Nancy Calderon is a Toronto-based musician with a passion for dark skies. She became an IDA Delegate last November, with plans to use music and art to reach new audiences and convince more people to protect the night.
Originally from Chile, Calderon has been performing in Toronto for about four years. Her group, The Calderons, plays a variety of musical styles, including jazz and soft rock. Calderon is the singer in the four-piece group, and also works full-time doing data management for a music company.
An amateur astronomer, Calderon was inspired to use her performances as an opportunity to promote dark skies when she realized how far away from Toronto she had to travel to see the night sky. She says that many people in the city know that they can’t see the stars at night but have no idea about the implications of light pollution on the environment and its effects on other species.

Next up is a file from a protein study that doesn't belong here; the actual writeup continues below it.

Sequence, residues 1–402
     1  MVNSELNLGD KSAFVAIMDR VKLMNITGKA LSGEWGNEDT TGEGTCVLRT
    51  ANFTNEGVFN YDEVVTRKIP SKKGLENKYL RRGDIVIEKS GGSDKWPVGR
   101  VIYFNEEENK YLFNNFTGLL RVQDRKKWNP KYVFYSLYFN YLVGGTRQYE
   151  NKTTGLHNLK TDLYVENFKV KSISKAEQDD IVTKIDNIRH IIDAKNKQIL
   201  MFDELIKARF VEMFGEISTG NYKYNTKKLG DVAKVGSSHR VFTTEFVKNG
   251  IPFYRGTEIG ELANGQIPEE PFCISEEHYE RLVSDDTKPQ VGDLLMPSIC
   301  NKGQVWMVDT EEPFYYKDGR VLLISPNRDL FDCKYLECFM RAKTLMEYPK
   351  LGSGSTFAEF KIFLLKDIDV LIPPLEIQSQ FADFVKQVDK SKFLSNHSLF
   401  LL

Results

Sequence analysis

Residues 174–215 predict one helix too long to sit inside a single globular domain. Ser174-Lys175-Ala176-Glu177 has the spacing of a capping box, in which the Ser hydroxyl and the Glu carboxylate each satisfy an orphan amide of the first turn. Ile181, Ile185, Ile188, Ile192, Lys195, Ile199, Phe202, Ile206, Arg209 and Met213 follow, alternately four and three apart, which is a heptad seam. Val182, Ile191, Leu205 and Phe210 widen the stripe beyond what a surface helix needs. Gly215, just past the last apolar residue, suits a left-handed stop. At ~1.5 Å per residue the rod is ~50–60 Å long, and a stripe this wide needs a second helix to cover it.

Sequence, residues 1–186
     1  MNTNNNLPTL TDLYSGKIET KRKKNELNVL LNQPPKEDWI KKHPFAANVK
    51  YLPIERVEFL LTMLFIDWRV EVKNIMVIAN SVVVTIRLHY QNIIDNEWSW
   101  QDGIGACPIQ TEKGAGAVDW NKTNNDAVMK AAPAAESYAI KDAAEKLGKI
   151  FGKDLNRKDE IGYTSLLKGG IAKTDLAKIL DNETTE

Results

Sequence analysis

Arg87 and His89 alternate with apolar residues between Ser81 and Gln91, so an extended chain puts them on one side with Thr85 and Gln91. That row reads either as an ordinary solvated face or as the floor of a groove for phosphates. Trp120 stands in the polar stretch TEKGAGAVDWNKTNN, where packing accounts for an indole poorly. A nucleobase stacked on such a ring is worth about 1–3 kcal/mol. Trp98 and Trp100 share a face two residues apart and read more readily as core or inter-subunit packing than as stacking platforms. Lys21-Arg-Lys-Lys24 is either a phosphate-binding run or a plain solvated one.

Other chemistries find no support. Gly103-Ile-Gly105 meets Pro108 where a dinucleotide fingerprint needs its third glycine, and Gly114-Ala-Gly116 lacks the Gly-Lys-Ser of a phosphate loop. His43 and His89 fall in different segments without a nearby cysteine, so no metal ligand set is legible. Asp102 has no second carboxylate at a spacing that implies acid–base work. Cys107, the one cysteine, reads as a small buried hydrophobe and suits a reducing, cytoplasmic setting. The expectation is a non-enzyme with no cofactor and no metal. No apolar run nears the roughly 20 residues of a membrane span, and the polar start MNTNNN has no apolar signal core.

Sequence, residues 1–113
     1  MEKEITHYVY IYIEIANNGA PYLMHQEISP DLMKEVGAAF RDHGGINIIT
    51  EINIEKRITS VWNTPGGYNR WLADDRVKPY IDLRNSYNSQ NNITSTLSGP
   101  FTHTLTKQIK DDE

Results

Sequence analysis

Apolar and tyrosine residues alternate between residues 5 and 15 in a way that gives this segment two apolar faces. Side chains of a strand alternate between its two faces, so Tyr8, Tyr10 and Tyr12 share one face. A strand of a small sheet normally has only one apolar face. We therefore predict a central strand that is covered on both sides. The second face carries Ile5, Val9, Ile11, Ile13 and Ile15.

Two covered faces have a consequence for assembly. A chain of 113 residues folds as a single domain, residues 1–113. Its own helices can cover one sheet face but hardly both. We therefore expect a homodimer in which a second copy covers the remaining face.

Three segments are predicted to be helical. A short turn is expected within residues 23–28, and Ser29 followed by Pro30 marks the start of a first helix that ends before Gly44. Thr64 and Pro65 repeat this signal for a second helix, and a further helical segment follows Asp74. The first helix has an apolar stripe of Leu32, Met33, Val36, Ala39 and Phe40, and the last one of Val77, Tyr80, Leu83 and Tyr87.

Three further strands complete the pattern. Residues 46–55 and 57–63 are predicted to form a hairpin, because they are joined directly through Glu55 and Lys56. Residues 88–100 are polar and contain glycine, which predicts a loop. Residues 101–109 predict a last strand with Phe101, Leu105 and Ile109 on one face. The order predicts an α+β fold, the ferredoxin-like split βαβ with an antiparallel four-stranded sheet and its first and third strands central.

Her approach with new audiences is to assume that people don’t know anything about light pollution and start educating them with basic concepts. She keeps her messages during her concerts “short and sweet,” with the belief that “art can open people’s minds and hearts to receive a message.” For example, on July 20th, The Calderons played a concert at a star party at the Ontario Science Centre. Before the last song, Calderon paused in “just the right spot” to educate the audience about light pollution. She then invited the audience to learn more by visiting darksky.org or catching up with her after the show to ask questions and gather informational materials. Calderon described the music as “honey”, using it to coat her message and bring in new supporters.
Astronomy is a particularly important component of the dark sky movement for Calderon because she believes it helps us develop an awareness of “who we are, where we are, and what the future may hold.” She values the night skies because they help us keep things in perspective, help us to see things from a bigger point of view, and help remind us how unique our planet is. Calderon is proud to use both her speaking and singing voice to open new eyes to the importance of protecting the vast darkness of the night.